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Open to Cornell and non-Cornell students, students in this eight week program enroll in two of three courses, earning 6 or 8 credits, taught in the morning and in the evening.
An Introduction to Public Policy
Tuesdays and Thursdays, 9:00 a.m. - 11:40 a.m.
This course provides the tools and insights for understanding the forces that shape public policy and for evaluating the policies themselves. The first of the three course segments examines the institutions, interests, and ideologies operating in the policy arena. The second segment considers alternative approaches to evaluating policies. The third focuses on a number of major issues in contemporary American politics, including crime and punishment, the economy, and natural resources. The course structure combines lectures, discussions, and group activities.
HIST 3140/ AMST 3140
U.S. in the World (formerly known as History of American Foreign Policy, 1912 to the Present)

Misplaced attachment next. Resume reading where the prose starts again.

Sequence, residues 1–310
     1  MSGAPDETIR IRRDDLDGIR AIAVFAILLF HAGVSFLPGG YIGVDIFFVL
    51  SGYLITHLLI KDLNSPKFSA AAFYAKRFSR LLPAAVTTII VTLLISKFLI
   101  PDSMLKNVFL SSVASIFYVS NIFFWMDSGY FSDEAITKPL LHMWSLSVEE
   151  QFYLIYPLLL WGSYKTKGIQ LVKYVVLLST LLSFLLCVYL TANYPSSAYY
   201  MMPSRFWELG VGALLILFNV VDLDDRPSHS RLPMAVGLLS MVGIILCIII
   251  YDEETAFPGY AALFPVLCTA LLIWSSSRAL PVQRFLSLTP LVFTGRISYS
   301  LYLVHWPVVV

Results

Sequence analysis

Mondays and Wednesdays, 7:00 p.m. - 9:40 p.m.
Students examine the emergence of the United States as a world power in the twentieth century. The course focuses on the domestic sources of foreign policy and the assumptions of the major policy makers (Wilson through Clinton). Important themes include the American response to a revolutionary world since 1912, the role of American racial views in the making of foreign policy, and the increasingly dominant role of the president in the making of U.S. foreign policy.
AMST 3128/ GOVT 3128
America's Changing Faces--A New Generation of Political, Economic, and Cultural Leadership
Tuesdays, 7:00 p.m. - 9:20 p.m.
A new generation of leaders has emerged in America's political, economic, educational, and cultural institutions. Those leaders employ and explore in their work modern communications technologies such as the Internet. Thereby, they are changing both what is done and how things are done in the daily life. This course explores the resulting changes in the nature of American life and asks questions about the interactions among the different realms of life.
We will explore these questions largely through a series of conversations with distinguished agents of change from each of the four primary arenas. While guests will speak from their own perspective, in juxtaposing these views, we will begin to construct an understanding of the interactive impact of modern communications technologies on life in America. Students' analyses, based on the conversations and readings associated with each guest speaker, will reflect their past experiences as well as their expectations for the future.